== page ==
North Carolina’s children show progress across many health areas, while birth and mental health outcomes worsen.
By Liz Schlemmer
On many counts, the health of children in North Carolina improved in recent years. But even with gains, some areas such as infant mortality and suicide rates continue to be a concern.
That’s according to the 2016 North Carolina Child Health Report Card released Tuesday by the North Carolina Institute of Medicine and NC Child. For 20 years, the report has tracked health concerns from prenatal care and breastfeeding to teenage risk factors such as alcohol and substance abuse.
This year’s report shows improvement among most of the 40 health indicators it follows. Hospitalization rates for asthma received an “A” and progress in insurance coverage, teen births, immunization rates and dental health earned “B” grades.
Health areas that received a “D” include school health, weight and physical activity, tobacco use, substance abuse and mental health.
The indicators that showed decline are most closely associated with infants and teens. Prenatal care, infant mortality among Hispanic and American Indian babies, marijuana use and suicide rates worsened.
An area where both infants and teens benefited was births by teen mothers, which decreased between 2009 and 2013 from 19.9 births per 1,000 girls age 15 to 17 to 12.2 births.
Child health insurance
The most significant gain in the report is the increase in children with health insurance, according to Rob Thompson, senior policy advisor at NC Child, an advocacy group focused on children’s health. The uninsurance rate for children reached an all-time low of 5.2 percent in 2014, the latest year the report covers.
“It’s a sign of tremendous progress even though there’s still more work to do,” Thompson said.
Many North Carolina parents lack health insurance, and the report’s authors consider this an impediment to continued progress in children’s health.
According to Thompson, when parents get health insurance, they are more likely to enroll their children in programs for which they may already be eligible. It is known as “the welcome mat” effect.
Of the remaining 119,000 children who still don’t have insurance, about two-thirds are currently eligible for Medicaid or NC Health Choice.
Thompson also attributes the rise in kids insured to their parents getting insurance through the Affordable Care Act marketplace and discovering their kids’ eligibility for Medicaid.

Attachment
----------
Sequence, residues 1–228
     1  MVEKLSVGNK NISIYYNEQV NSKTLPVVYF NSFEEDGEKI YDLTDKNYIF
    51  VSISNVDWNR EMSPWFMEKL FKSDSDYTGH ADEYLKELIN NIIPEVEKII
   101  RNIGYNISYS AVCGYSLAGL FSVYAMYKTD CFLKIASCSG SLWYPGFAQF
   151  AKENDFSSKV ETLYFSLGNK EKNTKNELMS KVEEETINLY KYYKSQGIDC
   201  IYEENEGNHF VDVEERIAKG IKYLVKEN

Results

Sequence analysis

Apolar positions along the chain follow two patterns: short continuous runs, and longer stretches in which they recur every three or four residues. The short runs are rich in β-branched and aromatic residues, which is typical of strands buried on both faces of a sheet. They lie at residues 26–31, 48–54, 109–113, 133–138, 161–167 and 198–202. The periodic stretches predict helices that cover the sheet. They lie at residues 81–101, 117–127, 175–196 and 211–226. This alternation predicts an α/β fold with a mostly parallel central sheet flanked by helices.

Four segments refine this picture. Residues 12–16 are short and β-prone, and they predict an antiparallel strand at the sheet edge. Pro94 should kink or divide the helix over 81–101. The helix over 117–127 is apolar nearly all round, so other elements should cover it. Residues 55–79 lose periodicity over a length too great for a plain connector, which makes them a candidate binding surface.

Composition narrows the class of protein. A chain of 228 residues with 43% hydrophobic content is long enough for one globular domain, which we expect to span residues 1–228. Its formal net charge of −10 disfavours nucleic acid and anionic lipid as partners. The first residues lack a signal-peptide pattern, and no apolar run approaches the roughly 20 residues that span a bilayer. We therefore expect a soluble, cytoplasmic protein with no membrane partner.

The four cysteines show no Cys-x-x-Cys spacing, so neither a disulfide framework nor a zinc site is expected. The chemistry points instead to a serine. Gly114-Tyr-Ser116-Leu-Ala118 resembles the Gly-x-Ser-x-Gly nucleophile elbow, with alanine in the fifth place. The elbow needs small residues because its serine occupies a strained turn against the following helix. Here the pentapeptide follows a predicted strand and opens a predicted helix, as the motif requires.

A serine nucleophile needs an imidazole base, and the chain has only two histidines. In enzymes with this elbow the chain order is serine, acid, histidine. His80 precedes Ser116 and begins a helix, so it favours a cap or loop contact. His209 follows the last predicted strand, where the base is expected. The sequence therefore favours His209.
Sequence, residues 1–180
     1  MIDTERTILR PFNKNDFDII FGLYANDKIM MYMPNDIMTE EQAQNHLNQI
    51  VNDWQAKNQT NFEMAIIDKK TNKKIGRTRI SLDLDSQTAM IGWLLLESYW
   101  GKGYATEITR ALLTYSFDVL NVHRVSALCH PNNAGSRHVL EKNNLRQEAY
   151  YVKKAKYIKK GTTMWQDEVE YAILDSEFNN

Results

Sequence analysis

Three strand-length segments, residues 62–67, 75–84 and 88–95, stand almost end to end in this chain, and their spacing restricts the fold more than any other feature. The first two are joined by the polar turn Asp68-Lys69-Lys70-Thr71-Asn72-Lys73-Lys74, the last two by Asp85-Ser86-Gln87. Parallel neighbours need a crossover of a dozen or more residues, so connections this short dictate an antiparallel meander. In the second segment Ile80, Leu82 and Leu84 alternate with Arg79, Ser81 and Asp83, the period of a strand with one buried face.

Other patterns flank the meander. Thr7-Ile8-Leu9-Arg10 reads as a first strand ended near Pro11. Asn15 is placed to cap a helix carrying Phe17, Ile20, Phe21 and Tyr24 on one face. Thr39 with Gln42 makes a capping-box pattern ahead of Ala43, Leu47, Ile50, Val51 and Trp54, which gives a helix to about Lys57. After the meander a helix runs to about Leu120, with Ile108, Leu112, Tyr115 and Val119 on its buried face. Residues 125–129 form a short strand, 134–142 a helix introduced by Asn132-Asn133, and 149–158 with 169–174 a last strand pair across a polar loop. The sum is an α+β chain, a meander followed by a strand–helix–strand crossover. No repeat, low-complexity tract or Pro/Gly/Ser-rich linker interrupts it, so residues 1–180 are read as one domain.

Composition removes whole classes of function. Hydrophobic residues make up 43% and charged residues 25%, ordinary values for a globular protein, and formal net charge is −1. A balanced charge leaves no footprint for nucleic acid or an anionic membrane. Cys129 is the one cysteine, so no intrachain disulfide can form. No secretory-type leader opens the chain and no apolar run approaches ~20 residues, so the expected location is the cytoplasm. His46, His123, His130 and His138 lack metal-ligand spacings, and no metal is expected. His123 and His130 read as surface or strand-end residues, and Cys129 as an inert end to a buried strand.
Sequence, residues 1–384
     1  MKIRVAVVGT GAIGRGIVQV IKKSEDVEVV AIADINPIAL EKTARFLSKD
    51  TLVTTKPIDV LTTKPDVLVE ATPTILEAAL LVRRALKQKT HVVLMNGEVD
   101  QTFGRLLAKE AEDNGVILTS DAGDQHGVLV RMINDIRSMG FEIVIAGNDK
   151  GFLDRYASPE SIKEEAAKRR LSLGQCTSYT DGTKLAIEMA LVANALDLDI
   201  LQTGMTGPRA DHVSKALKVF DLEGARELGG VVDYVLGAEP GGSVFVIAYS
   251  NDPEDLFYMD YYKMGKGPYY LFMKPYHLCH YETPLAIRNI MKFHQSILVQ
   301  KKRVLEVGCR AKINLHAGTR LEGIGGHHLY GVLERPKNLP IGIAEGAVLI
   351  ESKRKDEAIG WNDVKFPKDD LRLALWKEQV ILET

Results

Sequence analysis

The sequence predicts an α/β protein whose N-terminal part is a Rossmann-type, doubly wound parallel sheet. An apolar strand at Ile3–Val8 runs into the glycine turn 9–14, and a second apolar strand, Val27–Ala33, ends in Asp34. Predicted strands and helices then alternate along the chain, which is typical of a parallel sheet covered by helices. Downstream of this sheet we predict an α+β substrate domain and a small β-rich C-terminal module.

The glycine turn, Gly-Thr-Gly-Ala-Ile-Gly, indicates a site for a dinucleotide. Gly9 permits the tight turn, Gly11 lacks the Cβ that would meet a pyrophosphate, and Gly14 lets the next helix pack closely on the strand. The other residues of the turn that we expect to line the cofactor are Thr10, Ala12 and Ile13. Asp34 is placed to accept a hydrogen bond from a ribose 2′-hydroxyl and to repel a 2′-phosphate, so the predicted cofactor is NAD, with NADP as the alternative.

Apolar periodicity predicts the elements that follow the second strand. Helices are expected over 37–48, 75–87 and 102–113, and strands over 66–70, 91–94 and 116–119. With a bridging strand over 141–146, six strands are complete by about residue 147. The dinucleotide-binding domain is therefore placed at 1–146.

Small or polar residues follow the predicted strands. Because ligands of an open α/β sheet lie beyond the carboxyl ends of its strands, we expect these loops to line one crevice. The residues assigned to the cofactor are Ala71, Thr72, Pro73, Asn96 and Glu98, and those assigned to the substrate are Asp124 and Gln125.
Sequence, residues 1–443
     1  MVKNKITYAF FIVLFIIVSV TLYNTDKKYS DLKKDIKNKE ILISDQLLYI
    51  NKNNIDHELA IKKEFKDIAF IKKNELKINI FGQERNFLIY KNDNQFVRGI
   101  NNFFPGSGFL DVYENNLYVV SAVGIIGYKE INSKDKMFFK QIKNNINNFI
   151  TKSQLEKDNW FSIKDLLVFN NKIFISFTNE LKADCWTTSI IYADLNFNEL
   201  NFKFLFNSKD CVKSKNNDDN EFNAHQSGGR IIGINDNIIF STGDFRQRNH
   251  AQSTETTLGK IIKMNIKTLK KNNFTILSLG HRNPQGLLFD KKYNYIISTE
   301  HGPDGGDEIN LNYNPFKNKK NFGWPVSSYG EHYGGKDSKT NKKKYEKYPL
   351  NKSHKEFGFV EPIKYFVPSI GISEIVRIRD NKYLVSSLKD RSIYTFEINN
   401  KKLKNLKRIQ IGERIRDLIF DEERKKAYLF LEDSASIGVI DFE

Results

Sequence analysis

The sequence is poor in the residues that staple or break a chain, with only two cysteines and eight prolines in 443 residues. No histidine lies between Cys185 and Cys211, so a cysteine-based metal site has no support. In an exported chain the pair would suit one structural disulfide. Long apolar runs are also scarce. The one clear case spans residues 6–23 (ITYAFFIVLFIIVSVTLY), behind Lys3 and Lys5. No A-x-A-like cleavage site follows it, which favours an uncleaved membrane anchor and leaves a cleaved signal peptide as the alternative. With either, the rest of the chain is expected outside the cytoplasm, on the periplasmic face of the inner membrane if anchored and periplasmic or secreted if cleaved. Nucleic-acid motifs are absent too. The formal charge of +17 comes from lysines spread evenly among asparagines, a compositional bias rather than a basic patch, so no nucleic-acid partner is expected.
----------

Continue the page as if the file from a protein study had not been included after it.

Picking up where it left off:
“The more we can integrate families into the health system, the more we can ensure children will get enrolled,” said Thompson, referring to several hundred thousand North Carolinians who missed the opportunity to obtain insurance when the state legislature declined to expand Medicaid, as allowed for under Obamacare.
“If we can get half a million adults insured by closing the health insurance coverage gap, we’re also going to get more of their children insured,” Thompson said.
“One of the biggest red flags that I see is the stall in the infant mortality rate,” Thompson said.
North Carolina’s infant mortality has historically ranked high nationally. In 1991, North Carolina had the highest infant mortality rate in the country. The state had been steadily improving, reaching an all-time low rate in 2010, but still scores poorly compared with other states.
And the rate has slowly ticked up in recent years. The health report card shows no significant increase in infant mortality since 2010 when combining all races. For minority groups, however, infant mortality is on the rise.
The number of deaths among white infants declined from 2010 to 2014, but African-American infants had a slight rise in infant mortality. Hispanic and American Indian infants had significant increases of 24 percent and 25 percent over the same period.
“We’ve had remarkable reductions in infant mortality until recently,” said Adam Zolotor, president and chief executive officer of the North Carolina Institute of Medicine and a family physician. “We haven’t made any reduction in the past three years. We’ve stalled.”
The percent of babies born to mothers who received inadequate prenatal care also increased significantly since the last benchmark year, from 5.4 percent to 7.2 percent.
Health indicators to watch
Over the years, the North Carolina Child Health Report Card has measured different health indicators in response to changing trends.
The past three report cards have included data on mental health outcomes for pre-teens and teens. The reports show an increase in suicide attempts among middle-schoolers and suicide treatment for high -choolers from 2011 to 2013.
Zolotor said the suicide data is an area of growing concern. Gov. Pat McCrory’s Task Force on Mental Health and Substance Abuse includes a workgroup on children, youth and family to address the rise.
This year’s report card also includes data on student use of emerging tobacco products such as e-cigarettes and nicotine lozenges. Kids who use e-cigarettes are more likely to smoke other tobacco products later. .
Almost a quarter of high-schoolers surveyed in 2014 had used emerging tobacco products in the last 30 days. This data will serve as a benchmark for the future.
“I think the most surprising finding in this report is the use of emerging tobacco products. It’s important to keep our eye on that,” said Zolotor.